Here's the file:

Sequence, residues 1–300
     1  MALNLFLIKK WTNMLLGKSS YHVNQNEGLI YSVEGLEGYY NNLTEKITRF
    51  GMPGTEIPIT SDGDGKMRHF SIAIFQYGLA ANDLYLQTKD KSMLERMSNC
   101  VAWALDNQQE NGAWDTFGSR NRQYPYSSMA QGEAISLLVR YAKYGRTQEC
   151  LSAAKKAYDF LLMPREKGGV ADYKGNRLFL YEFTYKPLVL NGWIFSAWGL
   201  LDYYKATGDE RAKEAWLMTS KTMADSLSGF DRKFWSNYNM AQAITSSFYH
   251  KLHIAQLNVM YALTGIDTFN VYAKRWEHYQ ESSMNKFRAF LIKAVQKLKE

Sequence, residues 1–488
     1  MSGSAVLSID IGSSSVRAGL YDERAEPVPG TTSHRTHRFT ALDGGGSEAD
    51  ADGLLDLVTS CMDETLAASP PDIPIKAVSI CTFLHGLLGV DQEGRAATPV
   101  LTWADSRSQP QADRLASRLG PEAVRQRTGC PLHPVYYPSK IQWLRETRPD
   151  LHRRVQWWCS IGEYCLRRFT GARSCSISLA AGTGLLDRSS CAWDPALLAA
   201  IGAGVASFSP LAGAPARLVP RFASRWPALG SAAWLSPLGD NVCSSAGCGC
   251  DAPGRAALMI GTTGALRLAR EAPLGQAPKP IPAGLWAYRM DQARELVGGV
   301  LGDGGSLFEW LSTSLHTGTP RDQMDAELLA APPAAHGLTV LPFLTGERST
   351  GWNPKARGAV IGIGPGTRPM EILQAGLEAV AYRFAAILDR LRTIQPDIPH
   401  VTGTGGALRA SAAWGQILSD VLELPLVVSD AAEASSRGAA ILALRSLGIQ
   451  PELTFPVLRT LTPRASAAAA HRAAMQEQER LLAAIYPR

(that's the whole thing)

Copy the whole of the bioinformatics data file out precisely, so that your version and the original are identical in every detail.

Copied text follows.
Sequence, residues 1–300
     1  MALNLFLIKK WTNMLLGKSS YHVNQNEGLI YSVEGLEGYY NNLTEKITRF
    51  GMPGTEIPIT SDGDGKMRHF SIAIFQYGLA ANDLYLQTKD KSMLERMSNC
   101  VAWALDNQQE NGAWDTFGSR NRQYPYSSMA QGEAISLLVR YAKYGRTQEC
   151  LSAAKKAYDF LLMPREKGGV ADYKGNRLFL YEFTYKPLVL NGWIFSAWGL
   201  LDYYKATGDE RAKEAWLMTS KTMADSLSGF DRKFWSNYNM AQAITSSFYH
   251  KLHIAQLNVM YALTGIDTFN VYAKRWEHYQ ESSMNKFRAF LIKAVQKLKE

Sequence, residues 1–488
     1  MSGSAVLSID IGSSSVRAGL YDERAEPVPG TTSHRTHRFT ALDGGGSEAD
    51  ADGLLDLVTS CMDETLAASP PDIPIKAVSI CTFLHGLLGV DQEGRAATPV
   101  LTWADSRSQP QADRLASRLG PEAVRQRTGC PLHPVYYPSK IQWLRETRPD
   151  LHRRVQWWCS IGEYCLRRFT GARSCSISLA AGTGLLDRSS CAWDPALLAA
   201  IGAGVASFSP LAGAPARLVP RFASRWPALG SAAWLSPLGD NVCSSAGCGC
   251  DAPGRAALMI GTTGALRLAR EAPLGQAPKP IPAGLWAYRM DQARELVGGV
   301  LGDGGSLFEW LSTSLHTGTP RDQMDAELLA APPAAHGLTV LPFLTGERST
   351  GWNPKARGAV IGIGPGTRPM EILQAGLEAV AYRFAAILDR LRTIQPDIPH
   401  VTGTGGALRA SAAWGQILSD VLELPLVVSD AAEASSRGAA ILALRSLGIQ
   451  PELTFPVLRT LTPRASAAAA HRAAMQEQER LLAAIYPR